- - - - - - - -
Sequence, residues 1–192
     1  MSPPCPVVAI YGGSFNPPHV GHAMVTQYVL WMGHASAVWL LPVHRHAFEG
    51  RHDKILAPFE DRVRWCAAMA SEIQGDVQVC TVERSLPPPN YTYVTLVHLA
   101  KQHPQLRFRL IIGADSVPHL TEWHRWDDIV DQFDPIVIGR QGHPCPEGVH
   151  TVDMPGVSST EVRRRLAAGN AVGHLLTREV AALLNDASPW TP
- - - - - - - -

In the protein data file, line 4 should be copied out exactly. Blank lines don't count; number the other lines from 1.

   101  KQHPQLRFRL IIGADSVPHL TEWHRWDDIV DQFDPIVIGR QGHPCPEGVH